Is Your Dog Pulling on the Leash? Five Tips to Help Your Best Friend

Is your dog pulling on leash? Read more to help your furry friend.

Leash training is an important part of your pet’s development. Some pets may walk easily on a leash, while others may have issues. Whether you have a new puppy, adult dog, or a multi-dog household, training your pet to walk on a leash can be useful for a variety of reasons. Naturally, some pets may walk okay on a leash and can run into behavior issues later on. Fortunately, we sat down with Trupanion veterinary technician Aubrey Halvorsen to learn more about how to help your dog if they’re pulling on a leash and tips for a stress-free walk.

Dog or puppy pulling on the leash? Tips to help your furry friend

Is your dog pulling on the leash? You may need to look at alternative pet care items like a harness or loose leash to help curb your dog's behavior cues.

1.Take your time on the walk

A walk is a great chance for you to bond with your pet. Consider taking your time and truly be in the moment and give your pet your undivided attention. Consider forgoing technology and opt for a stroll. No time limit, pending plans, or errands, just be in the moment and walk and enjoy nature with your best friend.

2.A chest harness may help your dog

There are a variety of leashes, collars, and harnesses that may suit your dog. Consider trying out a few options as your dog’s breed, size, or temperament may require a certain style for a comfortable experience. For example, a chest harness or gentle leader may be a safe option to help keep your best friend healthy and happy on the walk.

3.Try out different training techniques

Every dog is different. While some may take to basic training with ease, others may need a new way to work on something. Some puppies or dog breeds may have different energy levels, especially when it comes to getting ready for a walk. After all, they’re probably excited to get outdoors with their best friend. Consider playing a game of ball, Frisbee, or interactive play before your afternoon walk. You may find your dog’s energy is a bit more balanced after some quality time together.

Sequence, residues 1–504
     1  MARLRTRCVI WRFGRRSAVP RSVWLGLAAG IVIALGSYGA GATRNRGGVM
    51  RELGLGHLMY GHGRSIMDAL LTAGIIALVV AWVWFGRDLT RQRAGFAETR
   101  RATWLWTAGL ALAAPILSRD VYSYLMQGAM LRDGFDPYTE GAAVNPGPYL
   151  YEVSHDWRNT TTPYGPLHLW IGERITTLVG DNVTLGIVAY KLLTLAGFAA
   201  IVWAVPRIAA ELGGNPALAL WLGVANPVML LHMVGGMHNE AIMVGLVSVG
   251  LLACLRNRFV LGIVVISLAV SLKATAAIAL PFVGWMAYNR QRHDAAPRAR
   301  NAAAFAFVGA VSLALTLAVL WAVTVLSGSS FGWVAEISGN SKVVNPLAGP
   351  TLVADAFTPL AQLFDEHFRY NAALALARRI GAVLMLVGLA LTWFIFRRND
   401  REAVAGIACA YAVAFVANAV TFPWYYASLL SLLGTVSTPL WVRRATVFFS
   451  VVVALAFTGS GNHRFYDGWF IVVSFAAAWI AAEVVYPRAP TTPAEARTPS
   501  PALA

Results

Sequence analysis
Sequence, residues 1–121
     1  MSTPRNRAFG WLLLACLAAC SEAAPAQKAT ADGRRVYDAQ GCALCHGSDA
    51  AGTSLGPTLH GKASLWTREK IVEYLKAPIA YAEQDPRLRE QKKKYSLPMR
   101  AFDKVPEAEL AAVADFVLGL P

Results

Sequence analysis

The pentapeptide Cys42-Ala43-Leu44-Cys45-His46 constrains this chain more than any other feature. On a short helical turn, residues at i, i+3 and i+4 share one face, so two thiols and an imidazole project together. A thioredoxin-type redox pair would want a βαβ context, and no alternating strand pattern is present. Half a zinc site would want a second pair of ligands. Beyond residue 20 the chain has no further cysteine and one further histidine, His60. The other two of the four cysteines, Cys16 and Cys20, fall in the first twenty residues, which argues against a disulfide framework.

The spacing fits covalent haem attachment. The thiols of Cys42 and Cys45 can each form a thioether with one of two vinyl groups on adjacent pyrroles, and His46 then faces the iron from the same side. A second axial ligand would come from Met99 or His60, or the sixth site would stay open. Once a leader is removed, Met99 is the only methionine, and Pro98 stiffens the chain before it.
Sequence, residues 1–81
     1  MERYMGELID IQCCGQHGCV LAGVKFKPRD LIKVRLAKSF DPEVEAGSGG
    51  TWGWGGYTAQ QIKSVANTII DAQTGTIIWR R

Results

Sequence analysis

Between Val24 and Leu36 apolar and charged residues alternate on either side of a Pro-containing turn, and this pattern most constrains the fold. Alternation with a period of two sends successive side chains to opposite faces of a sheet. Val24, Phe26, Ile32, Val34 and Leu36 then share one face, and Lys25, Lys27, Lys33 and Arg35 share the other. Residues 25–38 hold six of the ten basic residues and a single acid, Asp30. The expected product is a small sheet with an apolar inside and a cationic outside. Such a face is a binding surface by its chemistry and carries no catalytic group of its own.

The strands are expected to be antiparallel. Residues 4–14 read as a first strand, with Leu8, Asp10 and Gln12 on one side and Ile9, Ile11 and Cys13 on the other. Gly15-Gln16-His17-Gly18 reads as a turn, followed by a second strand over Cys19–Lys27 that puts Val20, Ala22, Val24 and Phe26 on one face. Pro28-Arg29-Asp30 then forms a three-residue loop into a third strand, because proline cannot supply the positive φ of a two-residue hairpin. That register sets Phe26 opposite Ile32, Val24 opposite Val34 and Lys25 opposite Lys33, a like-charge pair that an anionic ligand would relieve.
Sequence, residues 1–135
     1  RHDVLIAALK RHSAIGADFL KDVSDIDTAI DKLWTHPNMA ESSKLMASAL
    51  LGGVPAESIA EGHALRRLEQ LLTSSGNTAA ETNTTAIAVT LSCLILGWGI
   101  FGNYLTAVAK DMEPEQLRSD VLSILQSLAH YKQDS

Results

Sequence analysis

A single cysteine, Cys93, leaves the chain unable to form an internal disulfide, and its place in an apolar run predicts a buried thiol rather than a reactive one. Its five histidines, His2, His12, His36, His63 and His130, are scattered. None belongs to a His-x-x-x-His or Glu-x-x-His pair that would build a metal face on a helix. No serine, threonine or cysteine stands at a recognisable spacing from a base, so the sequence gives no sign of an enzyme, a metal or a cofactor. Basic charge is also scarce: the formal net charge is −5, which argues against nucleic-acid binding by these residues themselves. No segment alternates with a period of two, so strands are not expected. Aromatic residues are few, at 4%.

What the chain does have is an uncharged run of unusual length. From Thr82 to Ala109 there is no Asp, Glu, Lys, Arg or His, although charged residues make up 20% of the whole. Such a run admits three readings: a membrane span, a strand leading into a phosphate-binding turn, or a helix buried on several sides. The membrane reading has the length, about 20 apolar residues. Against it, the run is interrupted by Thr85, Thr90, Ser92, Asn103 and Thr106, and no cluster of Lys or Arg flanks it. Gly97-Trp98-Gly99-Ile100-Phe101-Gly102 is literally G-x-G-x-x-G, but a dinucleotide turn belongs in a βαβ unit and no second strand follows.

4.Talk with your veterinarian

Your veterinarian is a great resource when it comes to your pet’s development, training, and overall wellness. They can help provide some resources and recommend best practices for your pet in particular. While every dog may have different behavior cues, they can help personalize your pet’s training and help track your pet’s progress. Further, they can recommend a dog trainer if needed.

5.You take the lead on the walk

The walk may help provide enrichment and stimulation for your pet. For example, a new park, a dog nearby, or even a flock of birds may excite your dog. Consider opting for a loose leash and keep your dog next to you at all times. For example, if they do see an off-leash pet or animal, you never know how they may respond. By keeping them close to you, but on a leash comfortably, can help keep them safe at all times. After all, the last thing you want is to be pulled down the street by your furry friend, which could injure you or your pet.

Is your dog pulling on leash? Try to take small breaks, work on basic training, and take the lead.

Dog pulling on the leash? Start with training basics and talk to your veterinarian

If you have a puppy, leash training can be beneficial as it helps set a solid foundation for dog walk etiquette. While a puppy being trained on a leash may be ideal, you may have a dog that’s not trained, and that’s okay. But by starting with simple training tips, consulting with your veterinarian, and keeping track of your pet’s progress, your dog may be ready to take a walk in no time at all.

For more on dog care, read Eight Dog Park Safety Tips to Consider for Your Best Friend

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